Please note: This post is part of The Learning Network’s ongoing Current Events Conversation feature in which we invite students to react to the news via our daily writing prompts and publish a selection of their comments each week.
In the article “Does It Hurt Children to Measure Pandemic Learning Loss?,” Dana Goldstein explores the debate among educators about how to measure learning gaps experienced during the pandemic — if we should measure them at all, that is.
As we regularly do when The Times reports on an issue that touches the lives of teenagers, we used our daily Student Opinion forum to ask teenagers to share their perspectives. Did they experience “learning loss,” and, if so, how? Should testing happen this school year? What are the best courses of action to help struggling students?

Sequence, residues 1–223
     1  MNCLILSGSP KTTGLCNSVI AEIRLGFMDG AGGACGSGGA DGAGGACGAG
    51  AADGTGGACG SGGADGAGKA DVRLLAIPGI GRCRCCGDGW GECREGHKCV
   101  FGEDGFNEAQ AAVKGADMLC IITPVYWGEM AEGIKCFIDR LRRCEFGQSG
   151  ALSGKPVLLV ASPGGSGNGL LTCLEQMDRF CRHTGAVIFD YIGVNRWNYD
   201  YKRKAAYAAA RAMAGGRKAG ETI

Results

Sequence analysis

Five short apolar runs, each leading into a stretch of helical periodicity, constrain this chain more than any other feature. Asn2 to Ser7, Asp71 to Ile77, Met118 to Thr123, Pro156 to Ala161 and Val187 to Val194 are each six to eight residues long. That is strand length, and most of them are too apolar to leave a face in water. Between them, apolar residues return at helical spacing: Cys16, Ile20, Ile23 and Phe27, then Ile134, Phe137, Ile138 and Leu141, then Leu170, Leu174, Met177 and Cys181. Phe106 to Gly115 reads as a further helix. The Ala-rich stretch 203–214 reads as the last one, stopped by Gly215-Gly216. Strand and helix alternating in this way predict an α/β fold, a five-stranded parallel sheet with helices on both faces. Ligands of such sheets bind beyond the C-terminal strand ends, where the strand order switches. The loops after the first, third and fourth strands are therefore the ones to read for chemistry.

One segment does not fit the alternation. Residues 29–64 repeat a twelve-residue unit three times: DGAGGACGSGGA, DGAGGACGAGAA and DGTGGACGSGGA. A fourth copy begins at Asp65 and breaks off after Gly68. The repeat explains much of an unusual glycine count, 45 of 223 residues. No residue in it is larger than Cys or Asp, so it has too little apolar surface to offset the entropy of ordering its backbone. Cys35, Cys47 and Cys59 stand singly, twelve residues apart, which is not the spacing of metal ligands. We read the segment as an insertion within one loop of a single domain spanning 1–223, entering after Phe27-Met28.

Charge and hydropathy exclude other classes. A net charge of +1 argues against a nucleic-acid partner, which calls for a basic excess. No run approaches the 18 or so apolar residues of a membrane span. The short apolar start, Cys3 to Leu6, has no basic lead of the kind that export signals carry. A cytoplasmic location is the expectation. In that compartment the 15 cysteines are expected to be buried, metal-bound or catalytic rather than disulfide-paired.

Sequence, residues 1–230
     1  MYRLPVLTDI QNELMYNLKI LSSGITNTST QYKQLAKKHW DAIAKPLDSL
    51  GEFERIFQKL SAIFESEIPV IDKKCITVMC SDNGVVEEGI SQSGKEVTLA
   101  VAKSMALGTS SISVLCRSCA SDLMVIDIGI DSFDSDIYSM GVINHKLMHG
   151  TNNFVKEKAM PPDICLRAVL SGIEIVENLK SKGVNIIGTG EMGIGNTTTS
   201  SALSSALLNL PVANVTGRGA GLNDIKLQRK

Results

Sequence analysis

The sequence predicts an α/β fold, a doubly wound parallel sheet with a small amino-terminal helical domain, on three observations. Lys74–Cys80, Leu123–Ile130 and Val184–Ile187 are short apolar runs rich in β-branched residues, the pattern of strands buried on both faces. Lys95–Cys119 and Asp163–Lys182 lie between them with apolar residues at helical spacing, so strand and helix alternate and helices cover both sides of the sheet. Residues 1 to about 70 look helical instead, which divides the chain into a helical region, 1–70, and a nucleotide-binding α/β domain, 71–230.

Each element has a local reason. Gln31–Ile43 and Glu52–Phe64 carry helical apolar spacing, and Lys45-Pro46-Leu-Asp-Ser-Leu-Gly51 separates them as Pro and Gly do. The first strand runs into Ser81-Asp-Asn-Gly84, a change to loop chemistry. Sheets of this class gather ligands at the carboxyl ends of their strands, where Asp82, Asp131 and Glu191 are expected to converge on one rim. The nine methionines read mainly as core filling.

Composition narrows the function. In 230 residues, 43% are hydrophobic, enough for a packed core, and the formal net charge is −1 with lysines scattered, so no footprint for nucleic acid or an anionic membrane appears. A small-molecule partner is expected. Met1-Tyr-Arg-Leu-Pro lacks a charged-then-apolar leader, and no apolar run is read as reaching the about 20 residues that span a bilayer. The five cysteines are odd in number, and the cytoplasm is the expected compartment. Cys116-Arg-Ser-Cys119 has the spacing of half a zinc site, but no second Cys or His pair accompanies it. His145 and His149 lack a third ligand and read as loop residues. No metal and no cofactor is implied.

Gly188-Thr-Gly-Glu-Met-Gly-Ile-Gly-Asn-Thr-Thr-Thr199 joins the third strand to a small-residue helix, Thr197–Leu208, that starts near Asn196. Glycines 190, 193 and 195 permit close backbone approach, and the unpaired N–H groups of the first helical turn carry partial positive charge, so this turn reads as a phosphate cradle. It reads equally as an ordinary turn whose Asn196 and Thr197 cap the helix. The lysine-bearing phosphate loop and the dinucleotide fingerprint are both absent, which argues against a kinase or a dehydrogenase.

Below, the most common themes among the nearly 300 comments. Most students acknowledged that it takes extra effort to stay focused and motivated during online learning, yet many have adjusted to the new way of doing things. Others expressed worry that not all of their peers have the same opportunities. But they also talked about what they have learned this year, including technology skills, global awareness and resilience. As Taia from Chicago wrote, “How can anything being taught in outdated textbooks ever compare to the real-world experiences we as students have gained in 2020-2021?”
Thank you to all those who joined the conversation this week, including teenagers from Maplewood, Minn.; Chicago; New York City and many more places.